That being said, though, I find Suspiria to be lacking in some important areas. The film’s premise could have been better explored. The film’s story is about a cruel and prestigious dance academy run by a vicious witch, but I wanted to see the film explore more of Suzy’s time at the academy. I wanted to see what her dance classes are like, and how the high expectations of the academy’s prestigious teachers affects her emotionally. I wanted to know more about the relationship between the staff, the pupils and the Directress. I wanted to see the Directress have much more of a threatening impact on the students at the academy. These aspects of the film’s story are merely hinted at, but I wanted them to be more fleshed out. Instead, the film focuses on the mystery of the Mother Of Sighs instead of in-depth character development, and any chance for character development is passed over in favour of intense imagery and gory spectacles. In my opinion, intense imagery is good, and gory spectacles are shocking to watch, but they need to be supported by coherent substance, and I felt that Suspiria lacks a lot of the substance that’s needed for the film to become a powerful, emotionally overwhelming work of art. The film’s premise grants incredible promise, but I don’t feel that Dario Argento capitalized on the opportunity. If he did, he would have created not only an unforgettable cinematic experience, but one of the greatest films in cinematic history.

However, despite what I may think of the film’s short-comings, there’s no denying just how wonderfully beautiful Suspiria is to witness. The film’s aesthetics combine wonderful, Gothic architecture with intense psychedelic lighting, which is supported by creative camera angles and near perfect framing. I’d go so far as to say that every single shot of Suspiria is a work of art. The lighting of Suspiria is the most surreal and vibrant that I’ve ever seen in a horror film, as it combines vivid psychedelic colours, soft shadows and dark tones to create a visual feast for the senses. Suspiria steers well away from realistic cinema, and instead it shows the utter beauty of creatively intense lighting and expert cinematography. After looking at Dario Argento’s notable works, Suspiria is definitely his most artistically daring in terms of production, and through evident effort and thorough detail, Suspiria is one of Dario Argento’s most memorable works just for the visual style alone, and one of the most vivid films in horror cinema.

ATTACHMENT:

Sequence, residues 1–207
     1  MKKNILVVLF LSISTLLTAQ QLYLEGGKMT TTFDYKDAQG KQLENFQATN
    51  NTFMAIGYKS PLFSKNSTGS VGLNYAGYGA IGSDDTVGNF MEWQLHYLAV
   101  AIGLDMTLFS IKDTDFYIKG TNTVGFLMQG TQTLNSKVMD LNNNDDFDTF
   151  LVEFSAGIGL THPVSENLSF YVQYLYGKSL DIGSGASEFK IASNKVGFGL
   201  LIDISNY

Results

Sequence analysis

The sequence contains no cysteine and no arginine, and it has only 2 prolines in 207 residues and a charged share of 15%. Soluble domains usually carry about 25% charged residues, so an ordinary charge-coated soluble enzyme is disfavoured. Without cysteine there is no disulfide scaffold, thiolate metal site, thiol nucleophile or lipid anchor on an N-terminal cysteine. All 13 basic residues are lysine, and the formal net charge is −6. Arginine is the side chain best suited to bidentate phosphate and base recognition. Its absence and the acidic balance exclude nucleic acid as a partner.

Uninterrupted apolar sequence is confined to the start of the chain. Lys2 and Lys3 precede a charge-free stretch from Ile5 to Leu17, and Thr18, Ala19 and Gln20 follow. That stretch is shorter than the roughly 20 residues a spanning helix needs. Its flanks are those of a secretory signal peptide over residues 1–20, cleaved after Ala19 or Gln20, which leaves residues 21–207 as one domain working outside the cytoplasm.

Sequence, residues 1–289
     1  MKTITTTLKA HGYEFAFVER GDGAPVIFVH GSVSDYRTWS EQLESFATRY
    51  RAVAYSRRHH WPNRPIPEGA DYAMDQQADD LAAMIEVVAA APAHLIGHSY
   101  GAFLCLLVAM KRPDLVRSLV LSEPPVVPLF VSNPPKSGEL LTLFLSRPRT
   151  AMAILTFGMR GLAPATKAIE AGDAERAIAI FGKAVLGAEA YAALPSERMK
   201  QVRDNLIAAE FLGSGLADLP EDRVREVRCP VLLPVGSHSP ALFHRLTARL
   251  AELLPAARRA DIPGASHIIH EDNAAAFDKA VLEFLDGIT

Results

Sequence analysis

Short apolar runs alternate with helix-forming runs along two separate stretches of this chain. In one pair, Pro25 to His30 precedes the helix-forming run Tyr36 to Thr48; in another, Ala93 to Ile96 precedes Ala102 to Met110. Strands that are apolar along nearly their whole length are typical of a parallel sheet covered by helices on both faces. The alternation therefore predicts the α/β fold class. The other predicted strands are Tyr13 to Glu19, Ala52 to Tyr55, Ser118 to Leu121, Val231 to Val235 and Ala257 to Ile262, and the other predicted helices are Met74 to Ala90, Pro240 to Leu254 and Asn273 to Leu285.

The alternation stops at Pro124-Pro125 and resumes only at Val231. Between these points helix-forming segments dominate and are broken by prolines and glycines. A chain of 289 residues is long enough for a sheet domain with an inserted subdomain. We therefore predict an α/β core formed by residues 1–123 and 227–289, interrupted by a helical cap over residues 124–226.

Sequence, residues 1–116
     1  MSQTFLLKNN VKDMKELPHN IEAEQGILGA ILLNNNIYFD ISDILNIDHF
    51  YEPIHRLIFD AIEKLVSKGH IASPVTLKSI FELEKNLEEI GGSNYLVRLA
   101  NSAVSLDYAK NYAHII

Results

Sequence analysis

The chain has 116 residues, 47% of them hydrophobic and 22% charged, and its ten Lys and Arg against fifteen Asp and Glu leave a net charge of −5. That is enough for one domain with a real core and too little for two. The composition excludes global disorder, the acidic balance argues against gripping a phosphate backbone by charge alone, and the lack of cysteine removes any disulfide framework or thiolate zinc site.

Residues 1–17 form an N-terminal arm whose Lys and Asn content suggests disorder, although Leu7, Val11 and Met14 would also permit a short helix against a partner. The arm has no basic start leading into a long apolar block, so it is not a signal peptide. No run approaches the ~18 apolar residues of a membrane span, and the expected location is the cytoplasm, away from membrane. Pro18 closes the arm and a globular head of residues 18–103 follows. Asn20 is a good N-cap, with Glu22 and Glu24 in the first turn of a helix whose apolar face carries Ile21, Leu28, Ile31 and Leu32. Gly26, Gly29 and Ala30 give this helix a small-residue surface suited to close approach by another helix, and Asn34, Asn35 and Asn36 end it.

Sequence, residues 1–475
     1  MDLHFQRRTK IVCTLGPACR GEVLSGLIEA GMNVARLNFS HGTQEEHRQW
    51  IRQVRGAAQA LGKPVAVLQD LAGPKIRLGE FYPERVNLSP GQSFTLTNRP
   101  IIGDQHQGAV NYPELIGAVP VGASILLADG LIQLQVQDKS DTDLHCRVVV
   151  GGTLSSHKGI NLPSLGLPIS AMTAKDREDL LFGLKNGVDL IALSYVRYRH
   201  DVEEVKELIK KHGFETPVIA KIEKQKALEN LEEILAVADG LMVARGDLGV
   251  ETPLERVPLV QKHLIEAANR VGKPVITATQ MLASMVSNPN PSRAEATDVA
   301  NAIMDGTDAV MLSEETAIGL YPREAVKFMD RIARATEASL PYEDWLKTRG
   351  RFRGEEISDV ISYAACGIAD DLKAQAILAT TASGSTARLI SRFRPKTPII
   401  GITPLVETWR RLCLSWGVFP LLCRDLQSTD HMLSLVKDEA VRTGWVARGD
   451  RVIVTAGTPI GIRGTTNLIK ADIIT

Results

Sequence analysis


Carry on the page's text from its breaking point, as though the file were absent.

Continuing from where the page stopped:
As it stands, Suspiria is a very good film. The visual style alone is worth witnessing. All I would say is that a potential viewer of Suspiria needs to be aware that the film doesn’t have the depth and character development that the film deserves, but I would definitely recommend experiencing Suspiria because it’s visual style is simply amazing to witness. No film before or after Suspiria, not even the films by Dario Argento, have ever been so astounding to witness as Suspiria.

Also, I ‘m very excited to see the remake of Suspiria by Italian film-maker Luca Guadagnino, which is being released later this year…


    • Indeed, but I’m not done with Dario Argento yet.
      Tell me, have you seen the other two entries into the mother trilogy?
      Because I’ll be looking at them in the next two days with reviews coming soon.